World

Thousands of military personnel paraded in Tehran Wednesday in a show of support for the Iranian government's last-minute demand to exempt some functions of its nuclear program from a new deal to satisfy the UN's International Atomic Energy Agency that its intentions are peaceful. Iranian representatives told the IAEA that despite agreeing to suspend the enrichment of uranium, their government wants to continue to operate 24 centrifuges "for research purposes." A Western diplomat close to the matter said it appeared that the request would be rejected.

The first 6,000 quick-reaction troops graduated from an Iraqi military academy, another step by the war-torn country toward defending itself once its national election is held in January. But in a potentially ominous new development, a scathing audiotape reputedly made by terrorist leader Abu Musab al- Zarqawi blasted senior Muslim scholars for their failure to citicize US actions in Iraq. It surfaced following the assassinations of two senior Sunni clerics, which some analysts said may have been designed to ensure a Sunni boycott of the vote.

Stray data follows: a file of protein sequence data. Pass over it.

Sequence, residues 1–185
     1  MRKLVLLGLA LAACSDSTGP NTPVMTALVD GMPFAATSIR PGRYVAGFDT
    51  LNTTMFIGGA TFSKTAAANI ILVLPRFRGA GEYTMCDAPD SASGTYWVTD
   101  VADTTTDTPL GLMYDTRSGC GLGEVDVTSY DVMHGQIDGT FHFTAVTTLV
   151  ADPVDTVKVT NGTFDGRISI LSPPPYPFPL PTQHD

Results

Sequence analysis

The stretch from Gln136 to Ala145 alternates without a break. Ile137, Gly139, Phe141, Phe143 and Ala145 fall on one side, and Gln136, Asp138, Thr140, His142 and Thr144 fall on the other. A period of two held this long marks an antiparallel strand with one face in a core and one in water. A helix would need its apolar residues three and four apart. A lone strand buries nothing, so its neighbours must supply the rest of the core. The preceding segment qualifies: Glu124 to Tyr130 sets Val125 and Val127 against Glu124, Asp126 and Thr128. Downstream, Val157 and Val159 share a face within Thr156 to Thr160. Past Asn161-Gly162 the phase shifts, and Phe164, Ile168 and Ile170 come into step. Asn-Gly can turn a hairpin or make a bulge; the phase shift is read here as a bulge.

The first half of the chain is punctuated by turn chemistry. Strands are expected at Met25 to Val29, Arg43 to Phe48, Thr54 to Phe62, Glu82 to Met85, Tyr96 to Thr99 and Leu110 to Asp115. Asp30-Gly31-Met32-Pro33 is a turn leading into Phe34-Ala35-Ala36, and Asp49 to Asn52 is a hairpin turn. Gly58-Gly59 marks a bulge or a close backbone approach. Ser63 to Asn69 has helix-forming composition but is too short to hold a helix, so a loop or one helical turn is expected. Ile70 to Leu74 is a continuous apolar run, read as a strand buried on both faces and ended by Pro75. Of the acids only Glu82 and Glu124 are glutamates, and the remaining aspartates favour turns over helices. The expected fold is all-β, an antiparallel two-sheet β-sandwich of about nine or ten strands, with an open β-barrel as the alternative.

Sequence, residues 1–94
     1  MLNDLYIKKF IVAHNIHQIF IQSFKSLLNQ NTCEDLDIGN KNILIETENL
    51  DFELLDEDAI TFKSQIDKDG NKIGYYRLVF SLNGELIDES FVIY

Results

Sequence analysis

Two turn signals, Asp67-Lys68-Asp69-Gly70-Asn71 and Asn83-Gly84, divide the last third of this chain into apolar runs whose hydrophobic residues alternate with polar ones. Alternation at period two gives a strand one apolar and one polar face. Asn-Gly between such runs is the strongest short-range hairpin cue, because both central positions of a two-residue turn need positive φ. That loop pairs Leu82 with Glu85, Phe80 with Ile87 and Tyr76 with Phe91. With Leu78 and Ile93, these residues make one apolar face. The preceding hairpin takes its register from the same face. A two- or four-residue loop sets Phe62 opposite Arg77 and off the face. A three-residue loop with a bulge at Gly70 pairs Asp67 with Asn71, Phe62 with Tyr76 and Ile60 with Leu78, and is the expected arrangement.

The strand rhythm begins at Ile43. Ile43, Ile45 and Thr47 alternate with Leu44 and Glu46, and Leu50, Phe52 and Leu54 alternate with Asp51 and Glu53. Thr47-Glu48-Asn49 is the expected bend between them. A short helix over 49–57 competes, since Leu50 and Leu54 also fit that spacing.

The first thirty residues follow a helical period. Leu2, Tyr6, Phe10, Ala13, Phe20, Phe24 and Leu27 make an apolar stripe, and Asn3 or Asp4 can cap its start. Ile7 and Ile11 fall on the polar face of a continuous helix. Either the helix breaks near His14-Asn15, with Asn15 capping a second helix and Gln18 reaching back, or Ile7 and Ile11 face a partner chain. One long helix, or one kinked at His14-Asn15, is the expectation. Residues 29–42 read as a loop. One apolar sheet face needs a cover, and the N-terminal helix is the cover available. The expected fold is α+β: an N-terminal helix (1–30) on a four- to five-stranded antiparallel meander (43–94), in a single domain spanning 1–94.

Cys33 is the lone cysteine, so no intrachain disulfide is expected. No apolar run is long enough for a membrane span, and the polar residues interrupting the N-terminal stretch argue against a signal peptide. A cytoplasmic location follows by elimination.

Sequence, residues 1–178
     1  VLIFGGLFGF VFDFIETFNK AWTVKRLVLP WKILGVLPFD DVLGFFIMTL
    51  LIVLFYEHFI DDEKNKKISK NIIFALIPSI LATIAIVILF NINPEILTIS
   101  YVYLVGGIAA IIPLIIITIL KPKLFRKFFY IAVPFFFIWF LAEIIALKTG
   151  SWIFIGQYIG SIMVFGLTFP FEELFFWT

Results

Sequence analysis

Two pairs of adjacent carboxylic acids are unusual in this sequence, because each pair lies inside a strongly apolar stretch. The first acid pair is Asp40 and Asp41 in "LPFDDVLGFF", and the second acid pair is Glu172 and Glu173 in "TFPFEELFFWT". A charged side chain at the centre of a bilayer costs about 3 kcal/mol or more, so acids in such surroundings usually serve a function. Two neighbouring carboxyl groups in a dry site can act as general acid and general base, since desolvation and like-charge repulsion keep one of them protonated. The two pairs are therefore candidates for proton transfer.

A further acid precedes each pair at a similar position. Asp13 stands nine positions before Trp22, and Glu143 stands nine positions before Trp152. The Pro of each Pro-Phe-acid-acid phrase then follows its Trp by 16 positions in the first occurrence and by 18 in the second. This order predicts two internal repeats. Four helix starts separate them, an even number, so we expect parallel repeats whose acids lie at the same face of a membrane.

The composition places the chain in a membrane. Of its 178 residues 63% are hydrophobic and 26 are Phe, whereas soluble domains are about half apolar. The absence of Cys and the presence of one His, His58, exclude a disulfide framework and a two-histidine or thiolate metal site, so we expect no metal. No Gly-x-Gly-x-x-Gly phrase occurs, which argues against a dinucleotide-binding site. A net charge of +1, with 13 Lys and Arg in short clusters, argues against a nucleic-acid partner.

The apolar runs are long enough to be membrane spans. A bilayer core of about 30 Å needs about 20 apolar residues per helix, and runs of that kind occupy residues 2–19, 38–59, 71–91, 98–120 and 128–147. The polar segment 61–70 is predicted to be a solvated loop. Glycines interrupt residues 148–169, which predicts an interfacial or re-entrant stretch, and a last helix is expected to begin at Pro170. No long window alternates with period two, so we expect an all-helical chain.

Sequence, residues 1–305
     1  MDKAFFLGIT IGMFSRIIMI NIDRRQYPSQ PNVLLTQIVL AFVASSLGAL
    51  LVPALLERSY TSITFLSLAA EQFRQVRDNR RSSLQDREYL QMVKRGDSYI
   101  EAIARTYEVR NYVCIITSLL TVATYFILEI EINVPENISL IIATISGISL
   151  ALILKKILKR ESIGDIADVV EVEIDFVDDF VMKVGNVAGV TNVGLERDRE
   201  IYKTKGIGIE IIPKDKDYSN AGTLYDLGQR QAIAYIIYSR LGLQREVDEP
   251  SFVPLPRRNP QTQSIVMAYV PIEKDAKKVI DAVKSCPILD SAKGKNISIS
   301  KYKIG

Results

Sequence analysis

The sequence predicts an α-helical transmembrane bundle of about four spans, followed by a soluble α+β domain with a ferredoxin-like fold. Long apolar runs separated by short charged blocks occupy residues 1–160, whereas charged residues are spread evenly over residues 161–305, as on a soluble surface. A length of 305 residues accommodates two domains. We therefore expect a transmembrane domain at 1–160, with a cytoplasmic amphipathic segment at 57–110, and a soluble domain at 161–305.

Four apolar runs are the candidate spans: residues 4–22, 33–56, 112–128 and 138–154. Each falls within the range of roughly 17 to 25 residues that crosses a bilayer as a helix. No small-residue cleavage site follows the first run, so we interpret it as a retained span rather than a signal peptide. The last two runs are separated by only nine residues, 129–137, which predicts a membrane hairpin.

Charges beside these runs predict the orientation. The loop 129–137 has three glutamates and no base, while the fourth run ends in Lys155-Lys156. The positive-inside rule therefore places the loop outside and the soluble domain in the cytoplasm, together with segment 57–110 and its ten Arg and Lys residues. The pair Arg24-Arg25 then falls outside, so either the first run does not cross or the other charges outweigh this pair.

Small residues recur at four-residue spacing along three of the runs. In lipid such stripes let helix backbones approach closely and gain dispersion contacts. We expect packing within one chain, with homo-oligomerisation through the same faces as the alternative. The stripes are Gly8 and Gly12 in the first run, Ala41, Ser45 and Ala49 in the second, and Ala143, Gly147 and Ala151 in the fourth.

A full-blown political crisis appeared to be building in Ukraine after its elections commission declared Prime Minister Viktor Yanukovych the winner of last weekend's hotly disputed presidential runoff election. Within minutes of the announcement Wednesday, tens of thousands of supporters of opposition leader Viktor Yuschenko - massed in Kiev's main square for a third straight day - were marching on the presidential palace. Yanukovych dismissed the protests as "nothing extra-ordinary." Outgoing President Leonid Kuchma, who hand-picked Yanukovych, also ridiculed the protests as "a farce," although he called for both sides to resolve the crisis through negotiations.

Promising more negotiations, the prime minister of Pakistan left a rare meeting with his Indian counterpart, insisting that his government wants lasting bilateral peace. Shaukat Aziz said after talks in New Delhi with Manmohan Singh that controversial suggestions by Pakistani President Pervez Musharraf on how disputed Kashmir could be governed had done no lasting damage. But Kashmir remains the key to peace, and progress on all other issues between the nuclear-armed rivals will be made "in tandem" with it, Aziz said.

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